Chinea and co-workers' findings suggest the need for further research to consider an evaluation of the applicability of PCa screening guidelines for each Hispanic subgroup, especially for Puerto Ricans who have higher PCa-specific mortality [19]. The lack of information on the incidence of PCa under 40 in Hispanics limits our ability to identify whether these are isolated cases or indicators of an increasing trend of early-onset PCa diagnoses in this population. This leads us to question if we are diagnosing these patients late in their course of illness and with a higher burden of disease when compared to other ethnic groups.

Conclusion

The case presented in this report represents the first published Hispanic Puerto Rican male with prostate adenocarcinoma under 40. This case report contributes to the limited available information on prostate adenocarcinoma in young males, with the intent to educate and suggest the possibility that PCa is not a disease solely of the elderly. We believe separating the incidence of prostate adenocarcinoma in men younger than 40 per Hispanic subgroup is necessary for a broader understanding of the prevalence of PCa in specific ethnic groups. Additionally, further research with a large cohort of cases is needed to determine if Puerto Ricans have an increased risk for early onset PCa and if guidelines should be revised to include Puerto Rican ethnicity as a risk factor for PSA screening.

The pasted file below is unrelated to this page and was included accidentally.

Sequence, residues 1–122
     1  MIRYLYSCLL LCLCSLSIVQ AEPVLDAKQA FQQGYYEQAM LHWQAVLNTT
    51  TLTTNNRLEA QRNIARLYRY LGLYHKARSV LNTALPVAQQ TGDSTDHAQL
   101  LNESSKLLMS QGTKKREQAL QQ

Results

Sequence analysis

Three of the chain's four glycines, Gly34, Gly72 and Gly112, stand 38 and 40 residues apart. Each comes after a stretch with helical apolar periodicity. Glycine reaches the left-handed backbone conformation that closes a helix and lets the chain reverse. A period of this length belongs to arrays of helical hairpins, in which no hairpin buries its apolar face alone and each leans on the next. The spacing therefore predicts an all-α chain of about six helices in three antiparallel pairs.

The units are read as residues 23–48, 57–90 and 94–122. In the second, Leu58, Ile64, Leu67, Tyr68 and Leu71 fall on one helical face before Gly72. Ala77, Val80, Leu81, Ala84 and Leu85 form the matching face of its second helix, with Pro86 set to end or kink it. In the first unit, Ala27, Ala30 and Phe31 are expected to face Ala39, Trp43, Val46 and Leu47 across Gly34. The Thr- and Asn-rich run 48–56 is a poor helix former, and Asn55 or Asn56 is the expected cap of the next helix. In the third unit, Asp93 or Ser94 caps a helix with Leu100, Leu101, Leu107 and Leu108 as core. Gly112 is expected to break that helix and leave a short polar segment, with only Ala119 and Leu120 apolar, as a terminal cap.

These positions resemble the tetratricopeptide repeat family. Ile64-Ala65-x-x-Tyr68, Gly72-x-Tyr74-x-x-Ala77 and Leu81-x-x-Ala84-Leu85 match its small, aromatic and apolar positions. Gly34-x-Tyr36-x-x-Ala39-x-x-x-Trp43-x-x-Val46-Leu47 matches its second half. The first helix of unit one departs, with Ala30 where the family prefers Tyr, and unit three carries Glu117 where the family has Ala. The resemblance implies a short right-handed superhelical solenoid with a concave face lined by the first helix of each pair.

Statement of Ethics

This study was performed in accordance with the guidelines for human studies and the World Medical Association Declaration of Helsinki. This study protocol (#2207110023) was reviewed and approved by the Institutional Review Board (IRB) from Ponce Health Sciences University (PHSU) and was given protocol-exempt approval.

Conflict of Interest Statement

The authors have no conflicts of interest to declare.

Funding

This research was funded by a grant from the Department of Defense/US Army Award #W81XWH-21-1-0241 (JM), and by the Ponce Research Institute (SBR).